Commenters suggested a number of alternatives to penny pricing, including: The federal ceiling price, the most recent positive ceiling price from previous quarters, and nominal sales price. Some commenters stated that the federal ceiling price, which is the basis for prices paid by certain federal government programs, would be a viable alternative. Other commenters suggested that charging a ceiling price from previous quarters in which the ceiling price was greater than $0.00 would be reasonable. Finally, several commenters suggested that nominal pricing, which is a term used in the Medicaid Drug Rebate Program, would be more appropriate. Other commenters suggested that manufacturers should be able to utilize any other reasonable alternative.
Given these comments, HHS is considering whether any of these alternatives or other alternatives not raised by the commenters, alone or in combination, would be more appropriate than the penny pricing proposal and whether to revise the proposed regulatory text in 42 CFR 10.10(b). As the NPRM did not indicate that alternatives to the penny pricing proposal would be considered, and given the number of comments on this issue, HHS is reopening the comment period specifically to invite comments on whether we should adopt an alternative policy to penny pricing. By reopening the comment period as to this specific issue, all parties will have an opportunity to express their views on penny pricing and other alternatives prior to finalization of the proposed rule.
New Drug Price Estimation
In the NPRM, HHS proposed that manufacturers estimate the ceiling price for a new covered outpatient drug as of the date the drug is first available for sale, and provide HRSA an estimated ceiling price for each of the first three quarters the drug is available for sale. HHS also proposed that, beginning with the fourth quarter the drug is available for sale, the manufacturer must calculate the ceiling price as described in proposed 42 CFR 10.10(a). Under the proposed rule, the actual ceiling price for the first three quarters must also be calculated and manufacturers would be required to provide a refund or credit to any covered entity which purchased the covered outpatient drug at a price greater than the calculated ceiling price. HHS proposed that any refunds or credits owed to a covered entity must be provided by the end of the fourth quarter. HHS received numerous comments supporting and opposing the various components of its proposal on new drug price estimation.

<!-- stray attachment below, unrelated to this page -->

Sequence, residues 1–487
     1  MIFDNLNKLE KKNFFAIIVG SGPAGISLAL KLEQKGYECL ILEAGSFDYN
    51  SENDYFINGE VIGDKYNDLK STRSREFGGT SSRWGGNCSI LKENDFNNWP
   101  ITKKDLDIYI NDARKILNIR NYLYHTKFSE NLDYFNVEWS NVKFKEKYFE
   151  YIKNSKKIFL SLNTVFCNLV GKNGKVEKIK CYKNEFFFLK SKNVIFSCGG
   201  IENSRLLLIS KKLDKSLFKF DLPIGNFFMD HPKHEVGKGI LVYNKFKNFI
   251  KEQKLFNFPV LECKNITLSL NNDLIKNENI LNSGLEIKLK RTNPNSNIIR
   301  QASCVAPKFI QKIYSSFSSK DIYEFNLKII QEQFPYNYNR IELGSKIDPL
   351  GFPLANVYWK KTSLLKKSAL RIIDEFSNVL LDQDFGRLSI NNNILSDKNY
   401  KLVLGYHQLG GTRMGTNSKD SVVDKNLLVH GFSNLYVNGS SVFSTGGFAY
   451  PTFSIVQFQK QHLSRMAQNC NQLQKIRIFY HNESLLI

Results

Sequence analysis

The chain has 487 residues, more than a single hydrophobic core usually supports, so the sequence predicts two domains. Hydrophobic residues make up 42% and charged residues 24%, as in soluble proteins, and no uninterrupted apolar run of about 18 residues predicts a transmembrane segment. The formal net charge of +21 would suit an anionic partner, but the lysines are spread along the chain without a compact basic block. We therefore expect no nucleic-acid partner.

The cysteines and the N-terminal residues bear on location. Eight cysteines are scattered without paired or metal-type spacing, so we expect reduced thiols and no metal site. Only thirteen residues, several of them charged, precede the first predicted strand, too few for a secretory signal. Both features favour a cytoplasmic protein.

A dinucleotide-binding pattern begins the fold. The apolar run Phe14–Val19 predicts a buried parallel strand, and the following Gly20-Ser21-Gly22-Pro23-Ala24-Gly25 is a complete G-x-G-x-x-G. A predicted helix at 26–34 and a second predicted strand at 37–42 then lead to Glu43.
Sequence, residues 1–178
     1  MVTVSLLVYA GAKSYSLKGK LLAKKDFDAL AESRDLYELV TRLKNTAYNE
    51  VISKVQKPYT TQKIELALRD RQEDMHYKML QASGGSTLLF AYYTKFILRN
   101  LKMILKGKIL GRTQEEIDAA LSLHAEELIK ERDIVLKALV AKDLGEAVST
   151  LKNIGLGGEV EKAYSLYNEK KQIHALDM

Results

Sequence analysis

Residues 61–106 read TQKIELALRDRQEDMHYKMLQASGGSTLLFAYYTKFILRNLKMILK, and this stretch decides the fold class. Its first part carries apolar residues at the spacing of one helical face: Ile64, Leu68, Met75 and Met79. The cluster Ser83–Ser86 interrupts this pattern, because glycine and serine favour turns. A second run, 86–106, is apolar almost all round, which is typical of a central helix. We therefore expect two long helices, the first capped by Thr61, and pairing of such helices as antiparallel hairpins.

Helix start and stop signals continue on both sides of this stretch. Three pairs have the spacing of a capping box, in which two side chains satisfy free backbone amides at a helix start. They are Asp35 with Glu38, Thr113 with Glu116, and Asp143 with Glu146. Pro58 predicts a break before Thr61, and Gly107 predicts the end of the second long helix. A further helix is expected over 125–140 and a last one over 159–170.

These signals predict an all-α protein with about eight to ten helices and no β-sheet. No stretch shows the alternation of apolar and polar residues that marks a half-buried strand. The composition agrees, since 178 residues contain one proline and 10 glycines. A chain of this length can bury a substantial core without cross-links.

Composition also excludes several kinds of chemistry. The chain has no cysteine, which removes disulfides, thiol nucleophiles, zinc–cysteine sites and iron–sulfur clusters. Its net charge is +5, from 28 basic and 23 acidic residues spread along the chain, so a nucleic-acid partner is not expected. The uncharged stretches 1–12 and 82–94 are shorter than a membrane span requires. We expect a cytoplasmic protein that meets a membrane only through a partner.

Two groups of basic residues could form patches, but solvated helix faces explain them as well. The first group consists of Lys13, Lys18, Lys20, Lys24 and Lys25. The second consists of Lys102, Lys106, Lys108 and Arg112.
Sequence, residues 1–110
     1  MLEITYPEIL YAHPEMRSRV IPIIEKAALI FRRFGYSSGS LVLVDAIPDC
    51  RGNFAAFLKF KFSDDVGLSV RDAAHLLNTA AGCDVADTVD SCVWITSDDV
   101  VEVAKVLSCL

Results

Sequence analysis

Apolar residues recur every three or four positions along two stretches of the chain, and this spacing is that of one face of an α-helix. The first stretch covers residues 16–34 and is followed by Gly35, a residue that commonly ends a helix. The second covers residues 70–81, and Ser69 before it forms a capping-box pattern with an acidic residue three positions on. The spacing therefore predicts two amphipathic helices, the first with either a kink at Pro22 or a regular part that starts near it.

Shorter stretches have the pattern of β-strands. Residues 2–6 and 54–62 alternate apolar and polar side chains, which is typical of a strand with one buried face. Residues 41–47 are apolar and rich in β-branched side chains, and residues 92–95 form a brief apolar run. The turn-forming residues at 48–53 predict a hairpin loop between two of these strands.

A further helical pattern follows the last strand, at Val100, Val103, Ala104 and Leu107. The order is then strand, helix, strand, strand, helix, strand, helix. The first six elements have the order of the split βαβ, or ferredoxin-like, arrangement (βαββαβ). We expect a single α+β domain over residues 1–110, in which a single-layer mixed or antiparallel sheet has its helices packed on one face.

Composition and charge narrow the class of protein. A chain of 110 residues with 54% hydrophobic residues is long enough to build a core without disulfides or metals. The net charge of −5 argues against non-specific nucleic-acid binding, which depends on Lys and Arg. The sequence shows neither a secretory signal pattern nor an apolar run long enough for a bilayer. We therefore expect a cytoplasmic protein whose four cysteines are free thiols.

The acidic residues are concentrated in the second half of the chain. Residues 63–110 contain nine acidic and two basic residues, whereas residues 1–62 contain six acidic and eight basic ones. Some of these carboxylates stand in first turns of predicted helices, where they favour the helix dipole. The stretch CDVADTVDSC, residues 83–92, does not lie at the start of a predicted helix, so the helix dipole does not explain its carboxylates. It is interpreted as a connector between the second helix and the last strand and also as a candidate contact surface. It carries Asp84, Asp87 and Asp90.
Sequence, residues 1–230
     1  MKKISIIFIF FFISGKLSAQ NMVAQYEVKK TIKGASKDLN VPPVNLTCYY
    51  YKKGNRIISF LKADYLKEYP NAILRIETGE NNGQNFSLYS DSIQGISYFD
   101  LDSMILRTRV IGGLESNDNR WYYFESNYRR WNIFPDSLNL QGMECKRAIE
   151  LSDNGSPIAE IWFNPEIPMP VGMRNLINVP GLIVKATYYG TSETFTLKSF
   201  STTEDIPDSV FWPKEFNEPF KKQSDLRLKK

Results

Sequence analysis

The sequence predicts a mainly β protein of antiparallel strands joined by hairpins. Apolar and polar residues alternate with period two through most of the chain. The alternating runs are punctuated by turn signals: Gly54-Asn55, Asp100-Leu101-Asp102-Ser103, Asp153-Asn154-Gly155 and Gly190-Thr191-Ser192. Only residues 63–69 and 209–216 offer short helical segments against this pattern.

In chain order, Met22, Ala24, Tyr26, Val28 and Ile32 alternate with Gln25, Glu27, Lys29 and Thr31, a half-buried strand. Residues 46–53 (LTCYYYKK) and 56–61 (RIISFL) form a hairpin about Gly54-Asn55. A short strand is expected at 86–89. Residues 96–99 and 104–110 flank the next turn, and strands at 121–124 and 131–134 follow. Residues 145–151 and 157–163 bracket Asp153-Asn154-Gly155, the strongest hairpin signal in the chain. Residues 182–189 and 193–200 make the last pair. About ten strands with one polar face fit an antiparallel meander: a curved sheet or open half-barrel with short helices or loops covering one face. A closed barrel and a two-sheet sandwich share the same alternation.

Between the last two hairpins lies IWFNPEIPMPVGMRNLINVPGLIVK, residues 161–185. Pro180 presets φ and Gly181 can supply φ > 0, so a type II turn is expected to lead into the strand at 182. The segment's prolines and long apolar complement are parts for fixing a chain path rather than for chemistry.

Several commenters supported a specific methodology for calculating new drug prices, which included setting the price of the new covered outpatient drug as wholesale acquisition cost (WAC) minus the applicable rebate percentage (i.e., 23.1 percent for most single-source and innovator drugs, 17.1 percent for clotting factors and drugs approved exclusively for pediatric indications, and 13 percent for generics and OTCs). Commenters argued that this price would eliminate the need to estimate the price for the first three quarters and would result in a reasonable ceiling price. We are seeking comment on this specific methodology for the estimation of a new covered outpatient drug pricing and at which Start Printed Page 22961quarter a manufacturer should refund or credit a covered entity if there is an overcharge.